Language Learning

Fun Italian phrases, words, or expressions

Drop these fun Italian phrases, words, and expressions into a conversation, and you’ll quickly feel right at home in your new country.

Italian phrases
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By Gayatri Bhaumik

Updated 8-1-2024

When moving to Italy, it can be helpful to pick up on the local tongue. Italian is a wonderfully expressive language and is full of colorful words and phrases. Many of these do not translate directly into English.

But, knowing these 20 phrases and words below will offer some insight into the Italian culture and etiquette to help ease your transition as an expat.

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Mamma Mia! – Oh dear! / Oh my gosh!

Pronunciation: mam-mah mee-ah

Throw in a well-timed Mamma Mia, and you might just pass yourself off as a local (just kidding). Although it literally translates to ‘My mama,’ Italians use it as a figurative exclamation.

Grandparents learning good news may say mamma mia
Photo: RODNAE Productions/Pexels

Try it where you would use the interjection ‘Oh my gosh!’ in English to express disbelief, surprise, joy, or annoyance, for example.

Che bello! – How wonderful!

Pronunciation: ki-bel-loh

Watch any Italian movie or TV, and you’re likely to hear at least one approving Che bello! You can use this multitasking Italian phrase in several ways, though its translation will depend on the context of your conversation.

For example, you could use it literally to express how beautiful something or someone is. Or, more figuratively, you could use it to show how excited you are about something. It is similar to how you would use ‘How lovely!’ or ‘How wonderful!’ in English.

Cavolo! – Damn! / Heck!

Pronunciation: kah-voh-loh

The Italian culture and people are often associated with expressive flair, also reflected in their language. For instance, cavolo is the Italian word for cabbage, but it doubles as a choice expression of annoyance.

Perhaps you are meeting friends for dinner, and realize that you left your wallet at home only after the bill arrives. Instead of using an English exclamation, like ‘Heck!’ or ‘Damn!’ (or some stronger profanity) try to substitute this word.

Pantofolaio – couch potato

Pronunciation: pan-toh-foh-lah-ioh

If you have your TV set up in your Italian home, you might be tempted to have a relaxing weekend watching movies as a pantofolaio.

Girl lying on her stomach on a couch typing on her laptop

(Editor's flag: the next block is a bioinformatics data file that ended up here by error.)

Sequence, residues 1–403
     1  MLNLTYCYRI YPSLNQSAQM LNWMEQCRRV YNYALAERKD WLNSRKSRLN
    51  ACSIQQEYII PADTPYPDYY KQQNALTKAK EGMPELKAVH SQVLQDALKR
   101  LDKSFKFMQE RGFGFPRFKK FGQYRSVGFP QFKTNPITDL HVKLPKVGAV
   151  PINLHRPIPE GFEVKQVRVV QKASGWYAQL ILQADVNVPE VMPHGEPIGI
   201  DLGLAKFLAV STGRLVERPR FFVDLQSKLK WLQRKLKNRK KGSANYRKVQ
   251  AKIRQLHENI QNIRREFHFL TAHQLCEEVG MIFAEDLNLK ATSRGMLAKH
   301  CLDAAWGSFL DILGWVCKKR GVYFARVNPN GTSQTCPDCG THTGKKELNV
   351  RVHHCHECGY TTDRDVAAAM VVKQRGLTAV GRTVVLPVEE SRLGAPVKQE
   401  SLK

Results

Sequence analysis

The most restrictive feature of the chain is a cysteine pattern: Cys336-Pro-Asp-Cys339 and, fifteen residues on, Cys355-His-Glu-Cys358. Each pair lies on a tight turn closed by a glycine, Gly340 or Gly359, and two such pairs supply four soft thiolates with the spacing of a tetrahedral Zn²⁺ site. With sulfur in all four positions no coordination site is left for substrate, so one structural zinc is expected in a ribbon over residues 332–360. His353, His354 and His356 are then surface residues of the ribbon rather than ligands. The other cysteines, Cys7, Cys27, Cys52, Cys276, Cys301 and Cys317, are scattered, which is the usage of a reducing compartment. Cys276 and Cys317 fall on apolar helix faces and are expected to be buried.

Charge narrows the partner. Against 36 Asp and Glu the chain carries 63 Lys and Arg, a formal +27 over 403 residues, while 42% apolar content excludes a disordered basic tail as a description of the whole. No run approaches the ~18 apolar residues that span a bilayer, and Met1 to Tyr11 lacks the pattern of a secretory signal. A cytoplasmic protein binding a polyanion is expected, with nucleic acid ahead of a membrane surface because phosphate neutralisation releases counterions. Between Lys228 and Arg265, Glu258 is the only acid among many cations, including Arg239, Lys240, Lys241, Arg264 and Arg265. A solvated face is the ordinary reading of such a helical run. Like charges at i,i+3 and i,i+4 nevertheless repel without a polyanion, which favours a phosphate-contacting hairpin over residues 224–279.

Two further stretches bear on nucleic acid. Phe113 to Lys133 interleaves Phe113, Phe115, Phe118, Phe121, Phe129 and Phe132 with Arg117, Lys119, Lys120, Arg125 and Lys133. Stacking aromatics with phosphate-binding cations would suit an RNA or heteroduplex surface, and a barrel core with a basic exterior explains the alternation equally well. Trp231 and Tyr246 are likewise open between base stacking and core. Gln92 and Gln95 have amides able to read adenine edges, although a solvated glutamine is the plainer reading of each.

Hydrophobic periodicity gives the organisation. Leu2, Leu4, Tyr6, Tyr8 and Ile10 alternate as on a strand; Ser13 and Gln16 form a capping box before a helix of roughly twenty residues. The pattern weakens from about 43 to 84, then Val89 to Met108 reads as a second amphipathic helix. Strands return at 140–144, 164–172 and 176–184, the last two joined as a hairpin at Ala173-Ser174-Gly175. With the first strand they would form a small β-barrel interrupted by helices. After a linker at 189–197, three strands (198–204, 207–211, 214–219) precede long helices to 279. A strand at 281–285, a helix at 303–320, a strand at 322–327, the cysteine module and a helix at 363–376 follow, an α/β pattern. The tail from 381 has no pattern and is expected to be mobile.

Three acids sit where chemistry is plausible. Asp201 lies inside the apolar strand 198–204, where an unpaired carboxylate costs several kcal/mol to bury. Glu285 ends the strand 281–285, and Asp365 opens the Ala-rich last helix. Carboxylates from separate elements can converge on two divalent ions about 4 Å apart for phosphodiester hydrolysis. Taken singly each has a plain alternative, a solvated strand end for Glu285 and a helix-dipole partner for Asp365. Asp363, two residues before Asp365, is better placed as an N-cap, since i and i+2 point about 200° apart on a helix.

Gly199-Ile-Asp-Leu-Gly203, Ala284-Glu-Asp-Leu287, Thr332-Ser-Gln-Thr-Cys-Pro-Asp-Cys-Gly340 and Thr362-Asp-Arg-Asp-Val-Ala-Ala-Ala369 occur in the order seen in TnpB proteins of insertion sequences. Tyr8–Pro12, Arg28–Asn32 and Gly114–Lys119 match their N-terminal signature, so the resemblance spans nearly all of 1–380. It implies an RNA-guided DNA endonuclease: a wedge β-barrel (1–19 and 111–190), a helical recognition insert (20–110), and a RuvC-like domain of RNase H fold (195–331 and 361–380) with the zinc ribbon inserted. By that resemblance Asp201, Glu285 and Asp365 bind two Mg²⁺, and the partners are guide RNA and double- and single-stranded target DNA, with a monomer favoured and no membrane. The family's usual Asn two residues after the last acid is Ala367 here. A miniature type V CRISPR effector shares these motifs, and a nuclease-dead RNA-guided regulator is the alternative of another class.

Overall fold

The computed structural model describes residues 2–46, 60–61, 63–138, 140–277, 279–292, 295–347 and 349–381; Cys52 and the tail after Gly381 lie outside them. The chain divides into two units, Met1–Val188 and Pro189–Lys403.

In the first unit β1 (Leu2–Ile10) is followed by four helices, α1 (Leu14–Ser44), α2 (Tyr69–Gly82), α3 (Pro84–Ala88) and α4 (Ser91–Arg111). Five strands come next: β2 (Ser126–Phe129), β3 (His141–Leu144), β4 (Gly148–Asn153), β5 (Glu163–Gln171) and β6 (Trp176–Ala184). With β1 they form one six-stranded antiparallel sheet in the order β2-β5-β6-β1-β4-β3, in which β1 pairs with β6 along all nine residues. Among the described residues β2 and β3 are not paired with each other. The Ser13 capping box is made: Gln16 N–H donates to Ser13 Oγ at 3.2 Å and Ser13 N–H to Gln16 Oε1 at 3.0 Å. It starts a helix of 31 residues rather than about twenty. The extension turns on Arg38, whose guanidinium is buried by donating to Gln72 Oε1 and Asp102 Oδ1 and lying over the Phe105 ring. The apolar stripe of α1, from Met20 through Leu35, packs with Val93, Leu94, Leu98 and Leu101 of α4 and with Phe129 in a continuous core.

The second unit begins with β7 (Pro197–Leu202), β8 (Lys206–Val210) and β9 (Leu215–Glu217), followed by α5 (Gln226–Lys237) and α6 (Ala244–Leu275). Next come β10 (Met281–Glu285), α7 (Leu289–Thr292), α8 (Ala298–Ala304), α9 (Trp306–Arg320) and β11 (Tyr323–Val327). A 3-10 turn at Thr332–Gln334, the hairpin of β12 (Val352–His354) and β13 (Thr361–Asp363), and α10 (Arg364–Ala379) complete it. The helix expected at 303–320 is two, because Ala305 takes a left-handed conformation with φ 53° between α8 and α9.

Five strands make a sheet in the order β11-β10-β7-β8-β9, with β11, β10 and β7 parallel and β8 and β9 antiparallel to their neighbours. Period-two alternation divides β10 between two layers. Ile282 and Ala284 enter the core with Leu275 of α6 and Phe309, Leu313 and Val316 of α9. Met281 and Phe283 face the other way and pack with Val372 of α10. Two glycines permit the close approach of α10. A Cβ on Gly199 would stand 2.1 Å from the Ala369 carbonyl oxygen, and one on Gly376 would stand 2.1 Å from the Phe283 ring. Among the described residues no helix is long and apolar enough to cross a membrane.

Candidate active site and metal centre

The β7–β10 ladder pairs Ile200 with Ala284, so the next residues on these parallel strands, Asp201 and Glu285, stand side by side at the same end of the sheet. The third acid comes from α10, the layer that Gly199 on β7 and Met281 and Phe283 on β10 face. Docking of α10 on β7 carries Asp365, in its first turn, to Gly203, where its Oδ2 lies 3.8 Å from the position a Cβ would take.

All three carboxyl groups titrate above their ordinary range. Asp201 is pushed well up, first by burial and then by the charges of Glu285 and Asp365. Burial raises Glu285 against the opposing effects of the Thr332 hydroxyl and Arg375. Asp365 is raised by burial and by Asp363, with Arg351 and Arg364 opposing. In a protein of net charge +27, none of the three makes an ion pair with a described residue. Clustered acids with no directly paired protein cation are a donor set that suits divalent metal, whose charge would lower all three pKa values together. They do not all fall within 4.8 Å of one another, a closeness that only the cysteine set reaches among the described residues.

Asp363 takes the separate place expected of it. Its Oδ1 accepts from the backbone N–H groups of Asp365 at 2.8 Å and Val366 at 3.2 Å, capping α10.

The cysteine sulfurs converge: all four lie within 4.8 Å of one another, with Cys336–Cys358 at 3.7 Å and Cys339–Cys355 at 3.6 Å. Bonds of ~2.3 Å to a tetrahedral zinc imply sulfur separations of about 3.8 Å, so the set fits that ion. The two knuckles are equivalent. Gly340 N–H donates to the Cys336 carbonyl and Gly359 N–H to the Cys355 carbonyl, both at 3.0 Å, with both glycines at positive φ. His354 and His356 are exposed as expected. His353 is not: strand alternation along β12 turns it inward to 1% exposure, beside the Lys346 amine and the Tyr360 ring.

Photo: Artem Podrez/Pexels

Taken from the Italian word pantofola, which refers to slipper, this is the local equivalent of a couch potato.

Capire Roma per toma – To misunderstand something completely

Pronunciation: kah-pee-reh Roh-mah per toh-mah

When you move to Italy, and you are not yet fluent in Italian or have not yet immersed into the culture, you may misunderstand some situations or conversations. This phrase, capire Roma per toma, literally means ‘to understand Rome for toma cheese.’

Avere un diavolo per capello – To be furious

Pronunciation: ah-veh-reh oon dee-ah-voh-loh per kah-pehl-loh

Angry woman smoking a cigarette at an Italian train station
Photo: alevision.co/Unsplash

The literal translation is rather descriptive: ‘to have a devil for each hair.’ You can use it when you try to impress on someone how angry you are about a situation or at a person.

Essere al verde – To be flat broke

Translation: eh-seh-reh ahl vehr-deh

If you move to Italy as a student to study at one of its universities, invariably, this phrase will come in handy when you can’t afford to go out for drinks or a meal. It translates as ‘to be in/at the green’ but means that you do not have the money to do or buy something (i.e., flat broke).

Apericena – Bites to eat with drinks

Pronunciation: ah-per-ee-che-nah

Leave it to the Italians to find yet another type of gastronomic experience. Similar to Venice’s (Venezia) chicchetti, Spain’s tapas, or the Dutch borrel, apericena refers to enjoying small bites with drinks, usually with friends.

The word derives from the Italian for aperitivo, or appetizer, and cena, or dinner, and could be described as a heartier version of the popular happy-hour offerings seen across Italy in the evenings.

Non mi va – I do not feel like it

Pronunciation: nohn mee vah

There are plenty of moments when you just don’t feel like doing something, and when that happens in Italy, this is a go-to phrase.

Young person sitting alone in a bar, looking at their phone, not feeling like joining a party, perhaps
Photo: Vignesh Moorthy/Unsplash

Although it literally translates as ‘it doesn’t go for me,’ you can also use it to say you do not want to discuss something, eat at a certain restaurant, or see a particular movie.